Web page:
Adult (above) and larval growth series of the Hawaiian Christmas or Ornate Wrasse, Halichoeres ornatissimus. Images copyright Frank Baensch.

Adult (above) and larval growth series of the Hawaiian Christmas or Ornate Wrasse, Halichoeres ornatissimus. Images copyright Frank Baensch.

Frank Baensch’s success in creating the first captive-bred Butterflyfish is the first we are aware of (probably the first in the world), but about a month earlier (September 1st, 2015), Baensch quietly shared that he had also successfully spawned and reared the Hawaiian Christmas Wrasse, AKA Ornate or Ornamented Wrasse, Halichoeres ornatissimus, acheiving this success in his private Hawaiian laboratory.

With that, Baensch joins a very small group of aquarists and marine fish propagators who have successfully captive-bred ornamental tropical wrasses. Only Wen-Ping Su (who inadvertently reared the Cleaner Wrasse, Labroides dimidiatus, at Bali Aquarich in 2013) and Kevin Barden (who succeeded breeding the Melanurus Wrasse, Halichoeres melanurus, earlier in 2015) are members of this elite group at the moment.

Then again, researchers have also reared some non-aquarium species of wrasses in the past, including the Humphead Wrasse, Cheilinus undulatus (reported reared in 2003), and a temperate Rainbow Wrasse, Parajulis poecilepterus, which was reared in 1993. Baesnch reports that “Several temperate wrasse species (goldsinny, rock cook, corkwing, ballan wrasse) are aquacultured as cleaner fish to combat sea-lice infestation in salmon farms.”

Overall, many fish breeders and researchers have been trying to breed wrasses, and generally failing, for a long time. But perhaps the tide has turned.

Implications for Home Breeders?

Baensch’s results and observations of breeding H. ornatissimus are similar in many respects to what Barden reported in his home-based success with H. melanurus. Baensch started this project with a male and two females collected off the coast of Oahu. Three weeks later, he had his first captive spawns, which occurred daily at 4 pm (with pre-dusk approaching in the tropics). Given the small adult size of H. ornatissimus, and the ease with which they came to spawn, Baensch’s success suggests that other small wrasses like these could be at the upper cusp of what a home hobbyist could potentially tackle, albeit initially not without a ton of headaches in the larval rearing department.

The larval development of captive-spawned Halichoeres ornatissimus was reported as follows: “H. ornatissimus eggs are spherical, clear, contain a single oil globule and measure 0.65 mm in diameter. The larvae are small (1.6 mm TL) and primitive at hatching, begin to feed 3 dph (days after hatching) near 2.6 mm TL and pass through flexion near 20 dph at 4.6 mm TL. Halichoeres larvae bury in sand during juvenile transformation. H. ornatissimus larvae first disappeared in sand near 47 dph (10 mm TL), emerging 6-7 days later as colorful juveniles.”

Baensch remarked, “Now those were fun to raise!” when our discussions turned from his recent success being the first in the world (that we are aware of) to successfully achieving a captive-bred butterflyfish to this earlier accomplishment with the Hawaiian Christmas Wrasse. In his initial reporting of this success, Baensch described these wrasses as “difficult to rear,” citing a delicate and small-mouthed early larval stage. First foods were reportedly Parvocalanus copepod nauplii and “ciliates (primarily Strombidium sp.).”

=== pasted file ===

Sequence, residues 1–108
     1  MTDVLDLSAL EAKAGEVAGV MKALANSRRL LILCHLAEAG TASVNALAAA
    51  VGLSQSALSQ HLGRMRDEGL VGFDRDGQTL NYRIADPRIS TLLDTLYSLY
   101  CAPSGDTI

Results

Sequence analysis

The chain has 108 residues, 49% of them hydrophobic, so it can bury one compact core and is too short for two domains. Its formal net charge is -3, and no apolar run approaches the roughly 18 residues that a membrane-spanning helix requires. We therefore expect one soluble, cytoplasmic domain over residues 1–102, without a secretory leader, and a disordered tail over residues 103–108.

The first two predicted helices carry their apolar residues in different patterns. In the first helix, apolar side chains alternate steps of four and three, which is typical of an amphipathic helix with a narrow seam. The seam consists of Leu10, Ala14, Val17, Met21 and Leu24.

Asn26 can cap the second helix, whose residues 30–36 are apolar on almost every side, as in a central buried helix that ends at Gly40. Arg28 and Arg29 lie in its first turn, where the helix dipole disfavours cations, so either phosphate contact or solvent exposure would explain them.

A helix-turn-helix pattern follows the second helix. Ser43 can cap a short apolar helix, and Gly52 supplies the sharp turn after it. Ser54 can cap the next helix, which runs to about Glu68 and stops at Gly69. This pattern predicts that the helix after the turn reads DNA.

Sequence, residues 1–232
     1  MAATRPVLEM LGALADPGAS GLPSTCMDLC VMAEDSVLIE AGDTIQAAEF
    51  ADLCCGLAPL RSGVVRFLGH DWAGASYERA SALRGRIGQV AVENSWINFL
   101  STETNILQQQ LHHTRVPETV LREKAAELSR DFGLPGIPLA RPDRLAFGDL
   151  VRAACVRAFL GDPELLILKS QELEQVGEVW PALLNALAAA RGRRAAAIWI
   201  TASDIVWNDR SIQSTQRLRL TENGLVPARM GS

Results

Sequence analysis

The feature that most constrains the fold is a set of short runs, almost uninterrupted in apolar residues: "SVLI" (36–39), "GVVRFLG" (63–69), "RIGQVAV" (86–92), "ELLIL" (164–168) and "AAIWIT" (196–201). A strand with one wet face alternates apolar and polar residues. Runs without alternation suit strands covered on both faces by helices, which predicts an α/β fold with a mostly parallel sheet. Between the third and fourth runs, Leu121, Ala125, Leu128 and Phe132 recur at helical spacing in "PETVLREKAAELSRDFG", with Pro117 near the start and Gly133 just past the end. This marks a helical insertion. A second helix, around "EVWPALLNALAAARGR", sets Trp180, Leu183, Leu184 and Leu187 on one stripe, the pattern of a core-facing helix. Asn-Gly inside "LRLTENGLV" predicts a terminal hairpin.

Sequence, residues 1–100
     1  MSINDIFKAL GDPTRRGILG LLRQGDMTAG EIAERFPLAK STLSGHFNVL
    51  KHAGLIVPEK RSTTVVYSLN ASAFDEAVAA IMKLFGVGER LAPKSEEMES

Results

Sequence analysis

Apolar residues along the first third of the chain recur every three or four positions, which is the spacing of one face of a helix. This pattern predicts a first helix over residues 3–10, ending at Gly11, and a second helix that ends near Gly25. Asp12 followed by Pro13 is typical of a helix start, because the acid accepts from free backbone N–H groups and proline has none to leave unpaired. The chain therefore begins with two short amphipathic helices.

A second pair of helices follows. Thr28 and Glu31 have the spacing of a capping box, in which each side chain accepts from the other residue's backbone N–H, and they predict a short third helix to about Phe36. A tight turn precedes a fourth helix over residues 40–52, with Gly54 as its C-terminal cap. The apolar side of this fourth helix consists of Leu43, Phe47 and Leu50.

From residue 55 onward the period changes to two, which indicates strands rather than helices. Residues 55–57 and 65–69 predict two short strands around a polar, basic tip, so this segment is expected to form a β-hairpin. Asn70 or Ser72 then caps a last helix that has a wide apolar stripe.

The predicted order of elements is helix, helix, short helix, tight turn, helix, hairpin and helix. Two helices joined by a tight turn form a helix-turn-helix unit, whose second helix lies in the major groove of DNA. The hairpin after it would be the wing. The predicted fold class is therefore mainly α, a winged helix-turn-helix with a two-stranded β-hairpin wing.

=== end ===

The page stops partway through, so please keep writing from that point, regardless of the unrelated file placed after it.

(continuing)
Cultured and wild copepods were used in the second stages of larval development; it’s difficult for me to ascertain how important wild plankton may have been in this project, given that many other animals which at first were reared using wild-plankton ultimately did not require it once protocols were worked out. This could prove an area ripe for hobbyist research—can these be reared without the use of wild-harvested plankton? Given that the fish weaned over to more standard fare before settlement, I’m optimistic.

Cultured Wrasses In Our Future?

It would seem that Baensch shares some optimism about the potential for captive breeding of aquarium wrasses, as does Kevin Barden who basically issued an open casting call for hobbyists to join him at attempting to culture small aquarium wrasses at the 2015 MBI Marine Breeder’s Workshop back in July, 2015.

Unlike Baensch’s outlook on Chaetodontid culture at a commercial level, Baensch sees hope for species like Halichoeres ornatissimus in aquaculture: “Juvenile H. ornatissimus appear ideally suited for aquaculture. They are attractive, hardy, fast growing, and not aggressive toward each other at higher stocking densities.”

“The biology of many wrasse species, especially those with shorter natural larval durations, is probably quite to amenable to aquaculture,” wrote Baensch in a recent email exchange. He continued, “So, given the number of gorgeous fish in this family, there’s lots of work to be done.”

While we’ll hopefully save some further details for a future issue of CORAL Magazine, I’ll leave you with the following remark: while he hasn’t outright admitted it, I get the impression that Baensch found that success with the wrasses came more smoothly than his rearing work with Chaetodon klienii!

Read more details and insights directly from Frank Baensch at the Hawaill Larval Fish Project’s blog.

Image Credits: Frank Baensch / Blue Reef Photography

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